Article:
James E. Grumbach for the employee.
Francis X. Bellotti, Attorney General, & Willie Ivory Carpenter, Jr., Assistant Attorney General, for the defendant, submitted a brief.
The plaintiff claimant for unemployment compensation was unsuccessful before the agency and again on judicial review in the Municipal Court of the City of Boston. She has appealed to this court. The agency denied benefits on the ground that the claimant's discharge was "attributable solely to deliberate misconduct in wilful disregard of the employer's interest." See G. L. c. 151A, Section 25 (e) (2) (1984 ed.). The review examiner made findings, supported by substantial evidence, that warranted the conclusion that the claimant's actions constituted deliberate misconduct and were taken in wilful disregard of her employer's interest. See Grise v. Director of the Div. of Employment Sec., 393 Mass. 271 , 273-275 (1984).
The agency's conclusion that the reason the claimant took time off from her work "was not urgent or compelling but was strictly personal and social in nature" does not undermine its decision. That finding is not directly material to a determination under Section 25 (e) (2), although it could be significant in deciding whether a claimant's disregard of her employer's interest was wilful.
Martin Himmelfarb for the plaintiffs.
John Kenneth Felter (Paul E. Nemser with him) for the defendant.
The plaintiffs brought this action in the Superior Court seeking damages for losses they suffered when shares of stock they purchased from the defendant's
predecessor in interest [Note 2] became worthless. The complaint alleges that the defendant assumed the predecessor's liabilities and that the predecessor had engaged in unfair and deceptive practices in connection with the sale of the stock in violation of G. L. c. 93A, Section 2 (1984 ed.). The defendant filed a motion to dismiss pursuant to Mass. R. Civ. P. 12 (b) (6), 365 Mass. 754 (1974), together with an affidavit and a copy of a customer agreement between the plaintiff Levine and the defendant. The motion was grounded, in part, on the claim that G. L. c. 93A, "the sole basis for the Complaint, is not applicable to transactions involving the sale of securities." After a hearing, a judge of the Superior Court allowed the defendant's motion on the ground that each plaintiff had signed a customer agreement providing that New York law would govern the agreement. [Note 3] The plaintiffs appealed to the Appeals Court, and we transferred the case to this court on our own motion.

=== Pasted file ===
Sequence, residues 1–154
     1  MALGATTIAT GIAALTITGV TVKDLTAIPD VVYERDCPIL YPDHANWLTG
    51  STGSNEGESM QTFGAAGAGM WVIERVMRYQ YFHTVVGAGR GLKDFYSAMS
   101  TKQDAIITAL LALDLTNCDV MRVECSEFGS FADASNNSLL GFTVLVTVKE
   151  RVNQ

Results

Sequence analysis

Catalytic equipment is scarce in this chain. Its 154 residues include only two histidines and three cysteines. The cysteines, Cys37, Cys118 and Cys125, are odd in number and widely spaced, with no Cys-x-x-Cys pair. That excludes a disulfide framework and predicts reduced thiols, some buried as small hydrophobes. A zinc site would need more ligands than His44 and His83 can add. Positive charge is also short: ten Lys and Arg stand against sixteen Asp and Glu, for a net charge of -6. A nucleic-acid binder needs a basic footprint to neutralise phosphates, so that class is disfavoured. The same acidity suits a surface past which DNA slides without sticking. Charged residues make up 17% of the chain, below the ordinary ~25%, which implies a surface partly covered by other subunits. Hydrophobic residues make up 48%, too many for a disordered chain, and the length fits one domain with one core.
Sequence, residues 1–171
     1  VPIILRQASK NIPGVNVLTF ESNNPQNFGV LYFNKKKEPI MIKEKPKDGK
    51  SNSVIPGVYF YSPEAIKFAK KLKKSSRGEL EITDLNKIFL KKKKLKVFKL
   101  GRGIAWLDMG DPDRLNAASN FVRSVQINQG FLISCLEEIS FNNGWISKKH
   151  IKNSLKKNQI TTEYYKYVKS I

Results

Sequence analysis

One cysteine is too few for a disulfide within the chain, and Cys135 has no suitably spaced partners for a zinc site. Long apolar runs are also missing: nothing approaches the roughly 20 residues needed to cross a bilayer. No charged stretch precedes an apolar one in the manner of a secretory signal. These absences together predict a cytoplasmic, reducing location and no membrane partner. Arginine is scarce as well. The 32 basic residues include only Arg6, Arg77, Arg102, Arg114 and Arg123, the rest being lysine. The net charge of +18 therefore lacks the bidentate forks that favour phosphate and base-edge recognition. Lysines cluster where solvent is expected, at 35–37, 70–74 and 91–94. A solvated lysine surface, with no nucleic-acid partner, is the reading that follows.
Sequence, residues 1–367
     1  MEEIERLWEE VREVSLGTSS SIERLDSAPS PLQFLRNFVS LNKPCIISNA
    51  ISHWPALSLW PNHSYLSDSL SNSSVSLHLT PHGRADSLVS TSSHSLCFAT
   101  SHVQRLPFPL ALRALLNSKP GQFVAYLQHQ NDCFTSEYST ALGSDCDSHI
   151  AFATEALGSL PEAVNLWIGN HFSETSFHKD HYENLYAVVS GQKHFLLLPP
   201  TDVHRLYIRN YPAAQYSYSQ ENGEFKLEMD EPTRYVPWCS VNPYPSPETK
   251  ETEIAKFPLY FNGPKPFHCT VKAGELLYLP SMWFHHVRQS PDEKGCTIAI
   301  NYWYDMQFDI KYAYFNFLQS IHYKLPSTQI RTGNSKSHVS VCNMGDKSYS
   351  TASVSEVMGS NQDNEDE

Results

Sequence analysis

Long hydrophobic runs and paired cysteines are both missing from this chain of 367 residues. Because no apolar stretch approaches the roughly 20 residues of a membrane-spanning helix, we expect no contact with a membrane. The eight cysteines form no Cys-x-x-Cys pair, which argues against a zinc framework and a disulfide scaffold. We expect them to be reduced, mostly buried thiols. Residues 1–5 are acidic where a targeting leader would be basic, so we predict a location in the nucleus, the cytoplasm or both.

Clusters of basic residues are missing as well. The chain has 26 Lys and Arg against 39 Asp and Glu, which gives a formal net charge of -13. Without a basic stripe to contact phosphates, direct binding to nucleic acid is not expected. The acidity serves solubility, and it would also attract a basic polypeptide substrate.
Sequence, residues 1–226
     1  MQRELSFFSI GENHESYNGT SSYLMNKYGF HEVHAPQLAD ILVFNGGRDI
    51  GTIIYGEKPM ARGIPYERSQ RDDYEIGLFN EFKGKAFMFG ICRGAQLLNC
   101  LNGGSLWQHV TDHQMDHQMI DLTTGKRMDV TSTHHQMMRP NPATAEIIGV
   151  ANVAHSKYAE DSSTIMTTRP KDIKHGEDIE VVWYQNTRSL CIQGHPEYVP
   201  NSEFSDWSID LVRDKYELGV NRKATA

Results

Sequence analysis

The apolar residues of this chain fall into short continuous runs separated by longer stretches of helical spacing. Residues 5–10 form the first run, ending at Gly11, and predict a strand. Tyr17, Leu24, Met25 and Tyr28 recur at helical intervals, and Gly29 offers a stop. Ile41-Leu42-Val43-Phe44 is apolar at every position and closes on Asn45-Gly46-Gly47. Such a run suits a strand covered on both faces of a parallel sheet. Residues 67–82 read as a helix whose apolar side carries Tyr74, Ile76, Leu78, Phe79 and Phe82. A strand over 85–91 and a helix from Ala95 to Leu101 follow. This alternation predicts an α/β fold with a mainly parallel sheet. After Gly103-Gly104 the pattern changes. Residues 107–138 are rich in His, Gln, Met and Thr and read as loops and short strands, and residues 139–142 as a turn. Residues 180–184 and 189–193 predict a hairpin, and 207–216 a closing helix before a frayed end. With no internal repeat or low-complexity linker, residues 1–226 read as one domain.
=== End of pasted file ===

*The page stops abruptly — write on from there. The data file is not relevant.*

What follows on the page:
We need not decide whether this controversy is govened by New York law and, for that reason, is unaffected by G. L. c. 93A. In any event, the judge properly dismissed the complaint. After this case had been orally argued, we responded to a question certified to us by the United States District Court for the District of Massachusetts pursuant to S.J.C. Rule 1:03, as appearing in 382 Mass. 700 (1981), by declaring that G. L. c. 93A does not apply to securities transactions. Cabot Corp. v. Baddour, 394 Mass. 720 (1985). That response, to which we adhere, determined the present action.
[Note 1] William Joyce, Edna Moy, and Stephen Shatkin.
[Note 2] Tucker, Anthony, & R. L. Day, a partnership.
[Note 3] Rule 12 (b) (6) of Mass. R. Civ. P., 365 Mass. 754 (1974), provides that if "matters outside the pleading are presented to and not excluded by the court, the motion shall be treated as one for summary judgment and disposed of as provided in Rule 56." The parties raise no question about the judge's treating the motion as a rule 12 (b) (6) motion despite his consideration of the affidavit and customer agreement. Nothing turns on that procedural matter.